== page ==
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40

2011

DISHONORABLE DISPOSAL

effects…including effects on the immune system, reproductive system, nervous system, endocrine system, and other health effects. Studies in humans provide supportive evidence

for potential carcinogenic carcinogenic effects of PCBs.” 117

and

non-

c. Iron

Iron can leach into the environment from steel hulls of sunken vessels. Studies on phytoplankton and macroalgae indicate that in areas where plant nutrients such as nitrate and phosphate are abundant, the availability of iron is actually a limiting factor in growth and biomass. 118

d. Lead Paint

The EPA notes that lead paint has been used on the interiors of some vessels; however the BMP does not require intact lead paint to be removed.119 Lead from paint exhibits accumulation trends in organisms. Corals have

been shown to incorporate lead skeletons and growth inhibition

into

their

has

been

observed in algae exposed to lead.120

species

and

sea

urchins

e. Antifouling Paint Antifouling paints containing tributyltin (TBT) were used to paint vessel hulls to inhibit the growth of organisms below the water line. In 2001, an International Maritime Organization

Convention antifouling states in

was adopted to prohibit paints containing TBT.

the

BMP

document,

the use of The EPA “Scientific

investigations

by

governments

and

international organizations have shown that certain anti-fouling systems used on vessels pose a substantial risk of both acute and chronic toxicity and other adverse impacts to

National Guidance: Best Management Practices for Preparing Vessels Intended to Create Artificial Reefs, May 2006, Pg. 35. 117

Coale et al. 1996; Frost 1996; Matsunaga et al. 1994; Takeda 1998; Wells et al. 1995. 118

National Guidance: Best Management Practices for Preparing Vessels Intended to Create Artificial Reefs, May 2006, Pg. 42 119

120

Thompson, 1990.

BASEL ACTION NETWORK

ecologically and economically important non- target marine organisms. Because this document [BMP] addresses vessels that would be sunk for the creation of artificial reef habitat, the presence of biocides and other anti-fouling systems that inhibit marine growth are antithetical to this purpose. Furthermore, because anti-fouling systems can be reactivated via physical disturbance and/or biological degradation (e.g., scouring during a storm event or burrowing caused by marine organisms) over time, anti-fouling systems that retain potency may become harmful or be reactivated following the sinking.” 121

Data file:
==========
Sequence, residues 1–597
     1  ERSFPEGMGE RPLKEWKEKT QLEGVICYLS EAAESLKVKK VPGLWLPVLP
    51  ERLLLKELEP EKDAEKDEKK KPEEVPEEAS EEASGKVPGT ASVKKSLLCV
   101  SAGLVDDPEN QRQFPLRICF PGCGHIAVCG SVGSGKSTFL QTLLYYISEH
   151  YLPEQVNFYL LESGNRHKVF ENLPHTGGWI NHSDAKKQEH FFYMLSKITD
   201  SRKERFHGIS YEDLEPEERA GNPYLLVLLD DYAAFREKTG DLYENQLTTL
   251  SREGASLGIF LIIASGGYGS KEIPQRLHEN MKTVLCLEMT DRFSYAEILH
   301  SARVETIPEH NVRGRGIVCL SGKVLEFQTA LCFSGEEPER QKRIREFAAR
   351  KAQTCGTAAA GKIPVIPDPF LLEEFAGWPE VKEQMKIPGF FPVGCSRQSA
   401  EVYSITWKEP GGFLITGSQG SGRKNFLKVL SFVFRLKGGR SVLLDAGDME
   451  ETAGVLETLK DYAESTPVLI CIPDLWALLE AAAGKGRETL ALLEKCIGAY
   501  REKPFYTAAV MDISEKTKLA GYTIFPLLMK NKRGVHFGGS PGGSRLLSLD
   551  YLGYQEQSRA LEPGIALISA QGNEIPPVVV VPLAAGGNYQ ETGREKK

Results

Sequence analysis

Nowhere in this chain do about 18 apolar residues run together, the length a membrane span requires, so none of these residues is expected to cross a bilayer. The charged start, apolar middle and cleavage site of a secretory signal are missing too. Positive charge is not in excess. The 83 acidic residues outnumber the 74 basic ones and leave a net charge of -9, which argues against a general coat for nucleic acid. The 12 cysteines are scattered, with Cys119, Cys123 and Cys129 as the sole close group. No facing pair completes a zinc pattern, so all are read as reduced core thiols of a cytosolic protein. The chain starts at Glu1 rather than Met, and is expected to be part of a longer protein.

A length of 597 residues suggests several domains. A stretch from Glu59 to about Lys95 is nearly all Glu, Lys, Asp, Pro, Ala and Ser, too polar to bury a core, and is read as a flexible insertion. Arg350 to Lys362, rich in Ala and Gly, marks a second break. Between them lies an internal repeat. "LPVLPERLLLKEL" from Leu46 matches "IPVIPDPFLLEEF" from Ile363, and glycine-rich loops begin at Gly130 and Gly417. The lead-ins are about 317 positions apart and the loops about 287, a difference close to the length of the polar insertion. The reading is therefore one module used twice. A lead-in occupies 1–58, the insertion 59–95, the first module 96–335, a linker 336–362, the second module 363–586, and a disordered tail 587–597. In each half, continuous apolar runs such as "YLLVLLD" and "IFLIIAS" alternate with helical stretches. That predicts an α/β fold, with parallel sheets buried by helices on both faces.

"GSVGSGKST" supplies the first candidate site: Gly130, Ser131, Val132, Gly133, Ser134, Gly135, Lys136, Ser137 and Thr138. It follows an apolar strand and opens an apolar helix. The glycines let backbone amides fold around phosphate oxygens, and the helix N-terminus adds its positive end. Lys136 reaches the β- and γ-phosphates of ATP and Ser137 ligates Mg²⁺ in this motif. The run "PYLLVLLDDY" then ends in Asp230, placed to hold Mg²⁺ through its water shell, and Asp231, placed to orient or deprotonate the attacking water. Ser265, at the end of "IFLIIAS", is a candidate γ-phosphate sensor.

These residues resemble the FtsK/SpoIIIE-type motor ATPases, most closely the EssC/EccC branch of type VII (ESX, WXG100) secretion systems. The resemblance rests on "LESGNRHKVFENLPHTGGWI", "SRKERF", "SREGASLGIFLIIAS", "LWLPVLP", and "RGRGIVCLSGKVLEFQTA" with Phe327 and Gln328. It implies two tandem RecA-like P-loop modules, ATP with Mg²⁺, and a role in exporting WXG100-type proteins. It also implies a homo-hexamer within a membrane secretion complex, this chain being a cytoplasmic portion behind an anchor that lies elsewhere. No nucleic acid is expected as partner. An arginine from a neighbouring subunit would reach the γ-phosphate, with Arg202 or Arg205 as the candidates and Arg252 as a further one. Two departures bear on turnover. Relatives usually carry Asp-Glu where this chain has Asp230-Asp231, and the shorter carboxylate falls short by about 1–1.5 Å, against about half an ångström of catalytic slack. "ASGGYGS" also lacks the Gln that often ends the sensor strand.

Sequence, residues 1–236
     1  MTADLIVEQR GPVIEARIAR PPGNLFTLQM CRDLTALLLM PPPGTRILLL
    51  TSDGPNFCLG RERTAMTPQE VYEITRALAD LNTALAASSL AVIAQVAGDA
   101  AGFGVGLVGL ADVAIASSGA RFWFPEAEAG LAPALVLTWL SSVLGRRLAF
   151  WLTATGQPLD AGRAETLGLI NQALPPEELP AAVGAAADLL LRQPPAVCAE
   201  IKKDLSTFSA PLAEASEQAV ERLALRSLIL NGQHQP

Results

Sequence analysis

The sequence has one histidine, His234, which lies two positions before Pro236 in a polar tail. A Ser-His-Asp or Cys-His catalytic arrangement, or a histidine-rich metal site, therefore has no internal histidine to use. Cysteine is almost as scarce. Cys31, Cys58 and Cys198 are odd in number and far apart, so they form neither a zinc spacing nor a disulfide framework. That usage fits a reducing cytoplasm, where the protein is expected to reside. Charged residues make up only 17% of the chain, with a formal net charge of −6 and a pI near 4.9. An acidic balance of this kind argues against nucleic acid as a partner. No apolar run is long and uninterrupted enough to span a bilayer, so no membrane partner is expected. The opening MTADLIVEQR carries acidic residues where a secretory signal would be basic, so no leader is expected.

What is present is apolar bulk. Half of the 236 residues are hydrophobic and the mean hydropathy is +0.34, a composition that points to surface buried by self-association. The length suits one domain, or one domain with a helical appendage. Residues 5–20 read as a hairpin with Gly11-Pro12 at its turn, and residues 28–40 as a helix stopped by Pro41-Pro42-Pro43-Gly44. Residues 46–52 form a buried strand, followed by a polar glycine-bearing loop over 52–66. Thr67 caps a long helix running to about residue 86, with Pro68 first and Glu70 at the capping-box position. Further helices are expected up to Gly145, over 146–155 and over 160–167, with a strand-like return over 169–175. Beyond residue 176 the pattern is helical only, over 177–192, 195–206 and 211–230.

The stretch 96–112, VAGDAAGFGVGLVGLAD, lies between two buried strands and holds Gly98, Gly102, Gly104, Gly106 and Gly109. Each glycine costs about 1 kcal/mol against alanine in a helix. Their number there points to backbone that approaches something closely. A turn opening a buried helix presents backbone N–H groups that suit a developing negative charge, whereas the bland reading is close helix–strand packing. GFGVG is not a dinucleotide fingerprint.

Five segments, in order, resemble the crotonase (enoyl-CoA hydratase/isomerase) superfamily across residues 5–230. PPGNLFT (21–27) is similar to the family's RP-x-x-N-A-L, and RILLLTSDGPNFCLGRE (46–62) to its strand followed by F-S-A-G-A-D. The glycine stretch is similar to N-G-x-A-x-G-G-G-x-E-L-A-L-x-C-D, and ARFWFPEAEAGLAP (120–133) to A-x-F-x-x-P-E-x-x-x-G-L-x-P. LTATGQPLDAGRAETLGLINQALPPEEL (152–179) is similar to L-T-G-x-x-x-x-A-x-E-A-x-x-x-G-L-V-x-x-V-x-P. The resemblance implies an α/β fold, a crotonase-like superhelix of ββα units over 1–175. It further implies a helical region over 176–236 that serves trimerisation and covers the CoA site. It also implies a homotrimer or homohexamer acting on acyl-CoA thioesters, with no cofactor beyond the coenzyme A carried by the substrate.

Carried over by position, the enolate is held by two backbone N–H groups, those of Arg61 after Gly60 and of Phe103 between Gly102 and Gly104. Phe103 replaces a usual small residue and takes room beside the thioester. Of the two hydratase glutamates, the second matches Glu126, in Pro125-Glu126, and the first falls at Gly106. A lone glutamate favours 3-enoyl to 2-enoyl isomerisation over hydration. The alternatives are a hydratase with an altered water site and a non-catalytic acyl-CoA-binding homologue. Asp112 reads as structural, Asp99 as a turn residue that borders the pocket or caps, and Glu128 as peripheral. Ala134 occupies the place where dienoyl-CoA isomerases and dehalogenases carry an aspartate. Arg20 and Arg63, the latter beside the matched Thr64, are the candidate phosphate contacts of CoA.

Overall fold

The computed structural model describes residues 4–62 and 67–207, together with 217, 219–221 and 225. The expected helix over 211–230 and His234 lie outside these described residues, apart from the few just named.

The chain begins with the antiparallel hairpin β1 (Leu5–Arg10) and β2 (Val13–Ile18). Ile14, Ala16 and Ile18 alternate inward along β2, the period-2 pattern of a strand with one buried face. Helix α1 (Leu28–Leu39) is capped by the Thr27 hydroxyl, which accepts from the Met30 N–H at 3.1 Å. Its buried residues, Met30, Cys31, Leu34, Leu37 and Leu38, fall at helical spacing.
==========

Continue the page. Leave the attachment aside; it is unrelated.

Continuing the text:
Antifouling paints containing TBT are present on vessels sunk as artificial reefs. The above EPA statements are merely cautionary as the BMP does not recommend removal of all TBT paints.

f. Polybrominated Diphenyl Esters Polybrominated diphenyl esters (PBDEs) are flame retardants and are found in plastics and upholstery foam (National Marine Fisheries Service 2006). PDBEs likely occur in materials on ships, but their presence and concentration levels have not yet been identified. PBDEs are not mentioned in EPA’s BMP, nor any other guidance or regulation concerning sinking of vessels. PBDEs have been linked to health problems, and like PCBs they bio-accumulate (National Marine Fisheries Service 2006).122

The Needs Assessment and Scoping Study for Sinking Ships as Diving Sites in Puget Sound identifies PBDEs as a contaminant of concern, but the EPA has not yet addressed remediation

of

PBDEs

for

ship

sinking

preparation.

National Guidance: Best Management Practices for Preparing Vessels Intended to Create Artificial Reefs, May 2006, Pg. 41 121

122

http://pubs.usgs.gov/of/2008/1020/pdf/ofr20081020.pdf

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